Most of us follow a set path while preparing our children for college—we give them formal education, we motivate them with dreams of future success, and we give them suggestions on what to do and where to go. However, we do not teach them to aspire for education. Consequently, we have to force them to study and constantly remind them of the importance of academic performance.
A dream is more than scores and a selective list of extracurricular activities. It is a sense of being a part of something bigger. Take your children to institutes of excellence in your country or abroad. Share with them the history and grandeur of each institution. By teaching your children how to dream, you empower them.
Accompany them through an immersive experience of what it means to be on the campus of a world-renowned university in Singapore, the US, the UK, or Australia. You will see their eyes light up. You will see how they begin to dream big and start connecting that dream with their daily tasks. You need to give them a dream big enough to nourish their imagination and their sense of purpose.
In Hong Kong or the UK, parents take their children on several academic tours by the time they are ready to start college, whereas in India such family academic tours are a rarity.
Formal Academic Tours: the next step
Planning tours is simple since almost every college has a schedule and sign-up option on its website. Avoid college break times such as Winter Break, Veterans Day, and Spring Break. You should definitely be on the lookout to meet Admissions Officers, so avoid application review season as they are less likely to have the time for an extended discussion with you regarding your child’s prospects and career.
When deciding which colleges to visit, keep in mind your child’s academic interests, the historical interest the place might hold, the weather, and the activities your child can participate in. You should focus on letting your child experience the college campus and its facilities, the city atmosphere, industry presence, food, people, cultural landmarks, recreation options, and cafes. Your child should gain the holistic experience of being a student there.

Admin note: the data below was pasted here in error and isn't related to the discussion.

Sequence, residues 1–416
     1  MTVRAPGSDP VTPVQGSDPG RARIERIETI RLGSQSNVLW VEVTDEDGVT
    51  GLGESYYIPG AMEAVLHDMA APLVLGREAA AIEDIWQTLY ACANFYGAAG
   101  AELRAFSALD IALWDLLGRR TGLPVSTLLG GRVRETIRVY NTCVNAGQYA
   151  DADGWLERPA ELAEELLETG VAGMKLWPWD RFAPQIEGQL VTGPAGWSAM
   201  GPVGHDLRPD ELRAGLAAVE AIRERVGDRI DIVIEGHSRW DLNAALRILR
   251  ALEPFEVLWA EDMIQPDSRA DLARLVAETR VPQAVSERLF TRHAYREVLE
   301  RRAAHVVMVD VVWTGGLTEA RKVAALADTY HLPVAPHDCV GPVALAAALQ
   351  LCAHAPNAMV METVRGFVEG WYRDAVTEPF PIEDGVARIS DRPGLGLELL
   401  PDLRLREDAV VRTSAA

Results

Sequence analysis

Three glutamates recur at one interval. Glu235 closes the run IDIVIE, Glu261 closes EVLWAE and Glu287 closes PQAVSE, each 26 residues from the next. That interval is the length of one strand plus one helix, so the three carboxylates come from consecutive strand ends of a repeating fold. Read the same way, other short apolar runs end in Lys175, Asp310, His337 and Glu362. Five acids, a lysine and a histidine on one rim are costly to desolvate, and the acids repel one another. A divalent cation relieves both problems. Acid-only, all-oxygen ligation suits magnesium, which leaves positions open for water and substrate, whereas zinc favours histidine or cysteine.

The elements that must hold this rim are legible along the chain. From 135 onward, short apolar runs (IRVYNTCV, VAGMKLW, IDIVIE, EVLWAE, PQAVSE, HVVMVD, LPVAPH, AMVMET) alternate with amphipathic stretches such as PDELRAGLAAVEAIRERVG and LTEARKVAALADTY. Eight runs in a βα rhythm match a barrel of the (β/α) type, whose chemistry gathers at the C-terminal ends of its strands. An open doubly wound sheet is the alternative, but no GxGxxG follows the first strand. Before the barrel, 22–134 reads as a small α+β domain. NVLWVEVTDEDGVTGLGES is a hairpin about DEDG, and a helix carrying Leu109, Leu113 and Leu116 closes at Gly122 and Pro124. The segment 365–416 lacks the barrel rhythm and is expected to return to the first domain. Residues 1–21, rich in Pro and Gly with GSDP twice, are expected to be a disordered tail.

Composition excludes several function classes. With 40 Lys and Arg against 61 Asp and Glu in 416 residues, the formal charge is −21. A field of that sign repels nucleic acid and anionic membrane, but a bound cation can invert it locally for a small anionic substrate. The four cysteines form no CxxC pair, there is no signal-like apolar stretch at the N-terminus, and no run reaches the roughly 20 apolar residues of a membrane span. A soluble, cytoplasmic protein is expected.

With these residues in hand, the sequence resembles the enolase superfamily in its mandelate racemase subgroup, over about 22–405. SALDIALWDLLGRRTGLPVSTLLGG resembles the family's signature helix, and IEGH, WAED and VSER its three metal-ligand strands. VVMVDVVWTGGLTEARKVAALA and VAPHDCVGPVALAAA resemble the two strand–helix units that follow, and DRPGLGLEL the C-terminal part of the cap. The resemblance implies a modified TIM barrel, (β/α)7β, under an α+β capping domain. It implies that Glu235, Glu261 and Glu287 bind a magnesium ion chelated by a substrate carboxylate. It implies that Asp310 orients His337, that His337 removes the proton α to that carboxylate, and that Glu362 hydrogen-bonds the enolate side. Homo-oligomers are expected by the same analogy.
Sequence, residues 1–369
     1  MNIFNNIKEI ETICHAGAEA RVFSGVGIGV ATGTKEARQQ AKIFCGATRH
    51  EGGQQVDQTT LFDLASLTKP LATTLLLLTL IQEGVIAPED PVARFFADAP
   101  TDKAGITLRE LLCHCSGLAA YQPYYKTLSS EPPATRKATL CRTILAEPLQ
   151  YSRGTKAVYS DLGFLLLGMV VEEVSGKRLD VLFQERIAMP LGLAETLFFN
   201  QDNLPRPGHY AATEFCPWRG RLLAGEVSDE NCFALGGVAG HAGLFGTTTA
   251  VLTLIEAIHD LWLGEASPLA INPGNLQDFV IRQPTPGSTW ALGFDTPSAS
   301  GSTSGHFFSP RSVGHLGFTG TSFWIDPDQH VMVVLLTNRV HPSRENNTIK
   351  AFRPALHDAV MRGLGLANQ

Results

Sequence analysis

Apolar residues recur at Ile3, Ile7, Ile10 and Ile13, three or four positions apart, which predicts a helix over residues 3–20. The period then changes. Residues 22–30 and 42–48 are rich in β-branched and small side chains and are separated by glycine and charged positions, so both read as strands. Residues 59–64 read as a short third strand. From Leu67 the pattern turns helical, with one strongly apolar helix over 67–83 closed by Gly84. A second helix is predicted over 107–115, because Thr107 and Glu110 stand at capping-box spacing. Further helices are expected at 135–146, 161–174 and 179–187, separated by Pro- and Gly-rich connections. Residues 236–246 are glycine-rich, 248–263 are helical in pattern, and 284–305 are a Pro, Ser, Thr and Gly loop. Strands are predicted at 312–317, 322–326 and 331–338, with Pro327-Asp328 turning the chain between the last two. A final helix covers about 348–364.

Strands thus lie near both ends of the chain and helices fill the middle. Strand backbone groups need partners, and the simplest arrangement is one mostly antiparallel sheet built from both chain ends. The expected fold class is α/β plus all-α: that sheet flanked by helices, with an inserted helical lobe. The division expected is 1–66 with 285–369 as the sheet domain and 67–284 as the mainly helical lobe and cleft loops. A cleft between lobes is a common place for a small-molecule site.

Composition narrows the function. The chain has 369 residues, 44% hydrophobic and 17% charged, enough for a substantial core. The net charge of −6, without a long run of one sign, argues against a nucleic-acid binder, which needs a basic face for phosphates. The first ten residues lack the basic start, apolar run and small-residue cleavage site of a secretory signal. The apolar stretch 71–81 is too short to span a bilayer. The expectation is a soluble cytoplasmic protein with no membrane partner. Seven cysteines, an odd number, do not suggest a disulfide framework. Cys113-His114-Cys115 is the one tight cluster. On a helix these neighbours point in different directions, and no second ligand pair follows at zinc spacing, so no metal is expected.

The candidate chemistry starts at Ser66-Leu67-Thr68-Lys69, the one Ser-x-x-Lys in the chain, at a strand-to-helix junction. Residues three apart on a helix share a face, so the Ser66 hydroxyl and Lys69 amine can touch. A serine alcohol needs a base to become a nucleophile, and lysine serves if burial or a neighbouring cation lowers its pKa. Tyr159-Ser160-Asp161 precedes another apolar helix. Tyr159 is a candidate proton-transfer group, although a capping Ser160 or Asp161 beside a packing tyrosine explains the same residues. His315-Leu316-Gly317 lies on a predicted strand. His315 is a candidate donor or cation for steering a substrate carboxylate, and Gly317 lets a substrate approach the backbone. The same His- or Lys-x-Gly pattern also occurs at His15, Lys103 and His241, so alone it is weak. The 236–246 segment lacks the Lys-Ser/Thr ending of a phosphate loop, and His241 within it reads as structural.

As an added benefit, you will find that formal academic tours often lead to great admissions essays as well! This is not surprising since children can better imagine themselves as students in the place they have already visited. Each college has a unique vibe that is difficult to imagine and even more difficult to write about unless you have felt it first-hand. Furthermore, college visits will enable colleges to know your child as well. While some colleges explicitly state that they don’t track college visits, there are many colleges that do.
Imagine being at the Low Plaza at Columbia University. Modelled on the Greek Amphitheater, the plaza seems a fitting attribute for an academic centre of excellence going back to 1754 when it was called King’s College after King George II of England.
A group of students in animated conversation distracts you for a moment before you turn to your child and begin telling her about the place. She holds on to every word. You see her absorbing not just the facts and figures but the ethos of the place.
Next time she hears about Columbia she will remember not just a name but an image of a learning community. She will carry with her the awe and respect for a longstanding centre of academic excellence. She will have learned to dream for herself without you telling her to value education in so many words.
Imagine standing next to the swimming and diving facility at the University of Michigan, the shadow of Michael Phelps looming large. Will your child does not appreciate how these universities have nurtured and driven athletes and politicians and economists and entrepreneurs? Will they not begin to consider life at a world-renowned university to be a concrete achievement possible In the future instead of something that simply happens to other people?
Also consider that the academic tours or walks in the US are often guided by sophomore students, giving your child insights into life on campus and actual people to be inspired by.
When to begin taking your children on academic tours?
Fairly early on I would say. A family I know started with a visit to the Shantiniketan campus for their daughters who were 10 and 15 years old. The kids got to experience the history and ethos of an institution that played a pivotal role in shaping our country’s culture. More importantly, they experienced the “place” for themselves, by travelling to it specifically as they would see any other monument or temple. Over the years, they continued this practice of visiting educational landmarks and centres of excellence that have stood the test of time.
Try to make education as immediate and personal as possible for your children. Parents should make the effort to point out their alma maters and discuss the centres of learning in the city. Education should be as much a part of conversations around the house as say politics or sports or business.
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